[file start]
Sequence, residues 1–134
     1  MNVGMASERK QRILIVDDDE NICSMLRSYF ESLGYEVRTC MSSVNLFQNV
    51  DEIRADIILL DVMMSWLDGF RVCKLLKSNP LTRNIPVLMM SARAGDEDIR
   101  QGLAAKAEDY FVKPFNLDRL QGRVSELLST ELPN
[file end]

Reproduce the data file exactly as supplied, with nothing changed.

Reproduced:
Sequence, residues 1–134
     1  MNVGMASERK QRILIVDDDE NICSMLRSYF ESLGYEVRTC MSSVNLFQNV
    51  DEIRADIILL DVMMSWLDGF RVCKLLKSNP LTRNIPVLMM SARAGDEDIR
   101  QGLAAKAEDY FVKPFNLDRL QGRVSELLST ELPN